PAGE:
A mysterious microbe lands in a tiny Arizona town and everyone who breathes it in are killed within minutes due to blood clotting. Only a drunk old man and a newborn baby survive. A group of four scientists hunker down in a 5-level high-tech facility to study the microbe and the survivors in a race to identify the pathogen and find a cure within 5 days.
That's the premise of The Andromeda Strain, the first novel of Michael Crichton. The title alludes to the microbe's codename, it does not come from another galaxy, but from Earth's upper atmosphere where it is captured by a secret military satellite. With the CoVID-19 virus sweeping the planet, I chose this old favorite as engaging reading material to match our zeitgeist.
This novel has a fantastic first and second act. I was thoroughly engaged by the premise and nailbitingly awaited the reveal of why the baby and old man survived and how the world would be saved. Though a slim volume, this is technically Cricton's strongest novel. How bacteria survives and spreads, composition of proteins, how electron microscopes, X-ray crystallography, and mass spectrometers work, all feature in the story. The novel is also way ahead of its time in featuring the coexistence of humans and bacteria and viruses, what we call microbiome and virome today. The best thrill is watching the scientists nerve-wrackingly peel apart the evidence to figure out how the pathogen spreads and how to stop it.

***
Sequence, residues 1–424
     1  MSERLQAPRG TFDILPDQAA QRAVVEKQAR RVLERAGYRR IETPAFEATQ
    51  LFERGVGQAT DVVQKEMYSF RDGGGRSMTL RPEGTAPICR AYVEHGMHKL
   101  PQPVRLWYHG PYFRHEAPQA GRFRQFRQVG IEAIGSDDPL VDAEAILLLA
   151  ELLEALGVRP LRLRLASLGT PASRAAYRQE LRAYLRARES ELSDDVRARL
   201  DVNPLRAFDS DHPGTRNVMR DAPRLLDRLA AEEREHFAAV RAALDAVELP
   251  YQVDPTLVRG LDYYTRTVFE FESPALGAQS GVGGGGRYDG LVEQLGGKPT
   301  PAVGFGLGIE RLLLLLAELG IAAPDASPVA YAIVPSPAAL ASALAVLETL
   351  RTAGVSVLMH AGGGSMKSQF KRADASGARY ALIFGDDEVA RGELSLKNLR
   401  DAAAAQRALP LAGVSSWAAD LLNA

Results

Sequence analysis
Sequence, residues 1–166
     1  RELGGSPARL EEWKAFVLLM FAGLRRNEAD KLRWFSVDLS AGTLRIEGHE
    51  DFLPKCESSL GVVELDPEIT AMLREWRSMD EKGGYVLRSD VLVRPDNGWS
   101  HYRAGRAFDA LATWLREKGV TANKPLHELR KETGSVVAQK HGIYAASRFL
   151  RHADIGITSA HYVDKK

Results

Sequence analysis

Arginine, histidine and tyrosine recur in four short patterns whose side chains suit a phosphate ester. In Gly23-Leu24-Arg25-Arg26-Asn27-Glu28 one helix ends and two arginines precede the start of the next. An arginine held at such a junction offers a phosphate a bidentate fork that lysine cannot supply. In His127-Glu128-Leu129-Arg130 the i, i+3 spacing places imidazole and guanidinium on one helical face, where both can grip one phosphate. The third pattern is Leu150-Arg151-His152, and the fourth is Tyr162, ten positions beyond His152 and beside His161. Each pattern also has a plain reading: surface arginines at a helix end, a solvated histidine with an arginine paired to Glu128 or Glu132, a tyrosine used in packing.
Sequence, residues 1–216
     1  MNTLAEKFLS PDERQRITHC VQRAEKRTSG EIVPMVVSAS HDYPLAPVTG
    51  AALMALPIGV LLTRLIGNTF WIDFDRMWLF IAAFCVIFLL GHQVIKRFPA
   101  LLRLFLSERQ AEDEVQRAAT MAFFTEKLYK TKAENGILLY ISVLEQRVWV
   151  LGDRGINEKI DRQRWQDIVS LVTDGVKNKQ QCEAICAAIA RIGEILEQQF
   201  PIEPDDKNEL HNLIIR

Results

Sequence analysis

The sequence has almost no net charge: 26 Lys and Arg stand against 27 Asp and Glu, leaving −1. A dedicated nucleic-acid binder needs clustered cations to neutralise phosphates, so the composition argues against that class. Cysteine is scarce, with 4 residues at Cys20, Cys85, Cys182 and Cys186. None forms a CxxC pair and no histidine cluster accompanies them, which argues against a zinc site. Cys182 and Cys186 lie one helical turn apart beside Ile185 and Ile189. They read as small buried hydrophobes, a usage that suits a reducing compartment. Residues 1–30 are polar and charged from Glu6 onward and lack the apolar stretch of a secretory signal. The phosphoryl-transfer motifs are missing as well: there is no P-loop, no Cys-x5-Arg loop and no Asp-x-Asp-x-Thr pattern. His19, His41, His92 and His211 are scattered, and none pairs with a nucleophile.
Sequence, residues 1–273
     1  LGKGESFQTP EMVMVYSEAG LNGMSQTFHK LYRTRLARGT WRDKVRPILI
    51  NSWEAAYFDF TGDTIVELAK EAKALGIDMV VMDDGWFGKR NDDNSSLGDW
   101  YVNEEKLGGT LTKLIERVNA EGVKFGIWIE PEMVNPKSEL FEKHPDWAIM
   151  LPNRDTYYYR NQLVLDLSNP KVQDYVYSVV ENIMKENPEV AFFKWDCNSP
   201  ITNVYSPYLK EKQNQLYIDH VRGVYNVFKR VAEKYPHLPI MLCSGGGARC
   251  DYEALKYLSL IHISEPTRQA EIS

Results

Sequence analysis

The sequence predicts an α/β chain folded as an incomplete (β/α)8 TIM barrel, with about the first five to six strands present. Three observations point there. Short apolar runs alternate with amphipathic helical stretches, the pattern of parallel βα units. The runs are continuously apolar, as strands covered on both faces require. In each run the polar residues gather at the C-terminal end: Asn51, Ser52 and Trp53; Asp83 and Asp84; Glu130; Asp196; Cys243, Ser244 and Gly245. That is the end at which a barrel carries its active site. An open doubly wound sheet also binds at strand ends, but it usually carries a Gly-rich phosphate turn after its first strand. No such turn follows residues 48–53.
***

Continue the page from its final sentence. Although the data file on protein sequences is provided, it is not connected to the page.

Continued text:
Sadly, the third act of this novel is weak and fizzles out. That is a minor quibble for a novel that is tense, engaging and educational upto that point. This novel was published in 1969, more than 51 years ago, which is a shock because it has aged so well and the questions raised in here are still pertinent. A biological techno-thriller not to be missed.